Sidestepping the Security Traps of Open Source

Software development relies heavily on open source code but that doesn’t mean dev teams should just copy it, paste it and forget it.

Open source code is the backbone of today’s most popular consumer and enterprise applications. According to a recent report from the Black Duck Center for Open Source Research & Innovation (COSRI), 96 percent of the applications the Center scanned last year contained open source code.

For developers, open source code is a boon: It saves hours of programming, giving them more time to innovate instead of getting bogged down building the basics. But all of the benefits come with a dose of risk: The COSRI reported that 67 percent of that code it scanned last year had vulnerabilities.

No company is immune. Consider the 2014 Heartbleed bug, a vulnerability in the OpenSSL software library that gave hackers access to sensitive information across thousands of web servers. Or take Equifax: The consumer credit reporting agency linked its recent data breach to a bug in the Apache Struts framework, an open source code repository that Equifax used to build its web applications.

But measuring, maintaining and improving open source code doesn’t just fall to developers. The entire technology team is responsible, starting with the chief technology officer, says Mel Llaguno, Open Source Solution Manager at software company Synopsys. That means not only investing in the right technology to help manage open source code use, but also working open source code debugging into a team’s day-to-day responsibilities.

“It comes down to awareness, and that responsibility falls on all levels of an organization,” Llaguno says.

The Need for Proactive Security

There’s nothing inherently unsafe about open source software. The main difference between open source code and vendor-purchased commercial code is that, for the latter, vendors maintain the code, release updates and catch flaws. With open source code, those responsibilities fall on a company’s technology team. As a result, most open source risks come from limited “code maturity.” In other words, the code isn’t actively monitored, edited or improved.

“[Limited maturity] is where organizations are falling down worldwide,” says Brian Carter, Director of Strategic Communications at COSRI.

Monitoring open source code is no easy feat, considering how deeply entrenched it is in our lives. The average app, for example, includes 147 unique open source components. The key to ensuring the healthy functioning of all of those components is staying ahead of bugs, errors and other problems that could eventually turn into security breaches.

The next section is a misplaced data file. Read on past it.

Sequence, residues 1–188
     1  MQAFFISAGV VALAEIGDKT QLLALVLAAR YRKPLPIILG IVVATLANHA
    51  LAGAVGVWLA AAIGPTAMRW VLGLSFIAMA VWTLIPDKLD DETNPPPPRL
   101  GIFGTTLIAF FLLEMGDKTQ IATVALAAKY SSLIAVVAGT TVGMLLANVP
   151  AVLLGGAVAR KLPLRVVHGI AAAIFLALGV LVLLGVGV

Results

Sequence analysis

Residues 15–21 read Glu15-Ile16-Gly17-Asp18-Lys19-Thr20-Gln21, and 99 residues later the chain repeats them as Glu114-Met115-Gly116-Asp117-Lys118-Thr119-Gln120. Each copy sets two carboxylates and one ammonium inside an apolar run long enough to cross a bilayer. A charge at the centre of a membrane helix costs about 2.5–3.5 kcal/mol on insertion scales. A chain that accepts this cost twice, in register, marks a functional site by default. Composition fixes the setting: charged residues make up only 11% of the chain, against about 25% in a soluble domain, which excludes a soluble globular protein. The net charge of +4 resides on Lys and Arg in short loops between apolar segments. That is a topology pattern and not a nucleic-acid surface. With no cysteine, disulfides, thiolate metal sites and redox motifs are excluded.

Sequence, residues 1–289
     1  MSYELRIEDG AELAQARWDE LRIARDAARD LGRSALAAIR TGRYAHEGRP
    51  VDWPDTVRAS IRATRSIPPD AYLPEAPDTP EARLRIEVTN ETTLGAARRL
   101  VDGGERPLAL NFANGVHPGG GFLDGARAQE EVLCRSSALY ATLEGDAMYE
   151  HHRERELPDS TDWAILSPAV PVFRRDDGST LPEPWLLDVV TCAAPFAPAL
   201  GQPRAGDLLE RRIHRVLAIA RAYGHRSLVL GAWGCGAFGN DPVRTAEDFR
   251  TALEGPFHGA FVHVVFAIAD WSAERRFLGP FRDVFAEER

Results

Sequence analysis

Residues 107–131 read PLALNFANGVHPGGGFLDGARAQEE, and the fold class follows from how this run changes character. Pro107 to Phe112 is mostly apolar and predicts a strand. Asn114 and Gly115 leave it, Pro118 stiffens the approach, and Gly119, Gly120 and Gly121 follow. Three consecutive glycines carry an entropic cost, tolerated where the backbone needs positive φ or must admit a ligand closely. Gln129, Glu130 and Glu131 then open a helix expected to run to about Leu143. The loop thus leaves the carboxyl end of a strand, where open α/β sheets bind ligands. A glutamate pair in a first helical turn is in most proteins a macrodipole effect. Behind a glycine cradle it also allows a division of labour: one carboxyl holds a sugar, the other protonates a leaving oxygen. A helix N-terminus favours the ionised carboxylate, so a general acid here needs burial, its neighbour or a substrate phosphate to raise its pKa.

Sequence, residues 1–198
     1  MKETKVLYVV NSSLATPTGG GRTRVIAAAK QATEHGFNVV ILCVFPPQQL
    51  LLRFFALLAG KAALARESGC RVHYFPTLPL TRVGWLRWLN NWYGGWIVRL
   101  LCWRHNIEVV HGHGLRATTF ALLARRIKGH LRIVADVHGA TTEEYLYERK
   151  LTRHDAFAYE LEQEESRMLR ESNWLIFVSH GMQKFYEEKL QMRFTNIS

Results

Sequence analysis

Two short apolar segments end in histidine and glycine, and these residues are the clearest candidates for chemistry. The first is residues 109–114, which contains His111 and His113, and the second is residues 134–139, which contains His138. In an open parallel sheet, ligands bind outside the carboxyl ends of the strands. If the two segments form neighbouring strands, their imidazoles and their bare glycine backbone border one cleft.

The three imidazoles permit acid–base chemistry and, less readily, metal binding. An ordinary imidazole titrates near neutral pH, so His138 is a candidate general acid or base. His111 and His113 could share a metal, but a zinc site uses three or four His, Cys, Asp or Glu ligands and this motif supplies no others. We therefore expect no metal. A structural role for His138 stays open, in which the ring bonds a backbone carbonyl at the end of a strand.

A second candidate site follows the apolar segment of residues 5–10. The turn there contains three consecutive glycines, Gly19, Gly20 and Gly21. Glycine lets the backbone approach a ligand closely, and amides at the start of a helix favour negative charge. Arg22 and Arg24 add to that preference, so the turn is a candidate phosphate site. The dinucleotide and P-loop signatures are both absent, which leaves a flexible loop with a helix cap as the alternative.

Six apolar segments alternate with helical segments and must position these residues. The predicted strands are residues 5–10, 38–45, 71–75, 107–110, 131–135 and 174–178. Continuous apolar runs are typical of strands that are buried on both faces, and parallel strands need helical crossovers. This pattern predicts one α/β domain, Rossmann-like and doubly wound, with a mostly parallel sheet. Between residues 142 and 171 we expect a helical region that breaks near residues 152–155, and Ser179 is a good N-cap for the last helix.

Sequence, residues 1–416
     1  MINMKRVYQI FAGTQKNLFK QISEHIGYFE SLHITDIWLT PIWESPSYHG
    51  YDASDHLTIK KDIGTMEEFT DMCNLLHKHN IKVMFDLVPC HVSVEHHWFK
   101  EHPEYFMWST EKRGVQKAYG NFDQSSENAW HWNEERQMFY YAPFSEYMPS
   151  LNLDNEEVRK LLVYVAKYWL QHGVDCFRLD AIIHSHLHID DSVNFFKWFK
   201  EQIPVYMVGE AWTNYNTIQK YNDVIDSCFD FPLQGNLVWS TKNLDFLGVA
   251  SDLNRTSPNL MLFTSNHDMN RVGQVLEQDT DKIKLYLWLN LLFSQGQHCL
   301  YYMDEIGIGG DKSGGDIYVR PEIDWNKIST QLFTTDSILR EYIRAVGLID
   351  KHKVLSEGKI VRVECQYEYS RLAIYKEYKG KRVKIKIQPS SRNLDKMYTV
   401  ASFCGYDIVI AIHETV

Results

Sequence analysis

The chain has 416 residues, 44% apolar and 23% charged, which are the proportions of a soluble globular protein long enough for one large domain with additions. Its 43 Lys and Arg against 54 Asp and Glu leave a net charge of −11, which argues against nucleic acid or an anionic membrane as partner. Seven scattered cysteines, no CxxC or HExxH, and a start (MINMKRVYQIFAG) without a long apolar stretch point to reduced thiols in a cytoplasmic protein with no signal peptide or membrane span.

Finding Security Flaws with Code Scanning Tools

Ensuring that open source code is performing the way it should requires different types of technology.

The right combination of tools depends on an organization’s budgets and specific needs. First, there’s software scanning technology, which parses existing code to identify open source use and flag potential problem areas. Developers can also use dependency graphs, which show the open source projects that the company’s code depends on, enabling them to identify defects and make improvements.

But companies can’t rely on scanning tools alone.

“The scan is a very good start, but it’s only a snapshot in time. Ten minutes after that scan, there might be a new vulnerability identified or a new license requirement,” says Carter.

Scans are also time-consuming and can slow agile development teams and disrupt the applications they build. Cloud applications depend on frequent, often automatic, updates, and running scans in the background could halt that process or cause errors.

To complement what scans offer, companies may want to consider also using cloud-based services that identify newly-added open source components and provide ongoing, on-the-fly protection. Available as plugins for software-building tools, these solutions work in the background to monitor the introduction of open source code and alert developers to any vulnerabilities.

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Creating a Sense of Ownership

Although technology plays a central role in gauging and improving code maturity, it’s not enough. Developers should also have a stake in ensuring that open source code is functioning properly. But since no individual person or team owns open source code, it can be a challenge to get someone to take responsibility for the code’s health. Encouraging developers to own and oversee specific bits of open source code (also known as assigning code “commits” to developers) can make a significant difference, says Llaguno.

“The number of commits associated with particular developers, and the timeliness with which developers respond to bug reports—these are all things that make up the context of maturity,” he explains.

Beyond being vigilant about open source code within the organization, developers should also engage with the broader developer community of open source code users outside of their companies.

Open source code use is a two-way street, meaning if your developers use open source code, they should contribute back to open source projects by flagging bugs and suggesting improvements for everyone to use.

“That not only improves your usage of it, but it also improves the entire ecosystem around open source code,” Llaguno says.

Maria Minsker
By Maria Minsker | January 4, 2018

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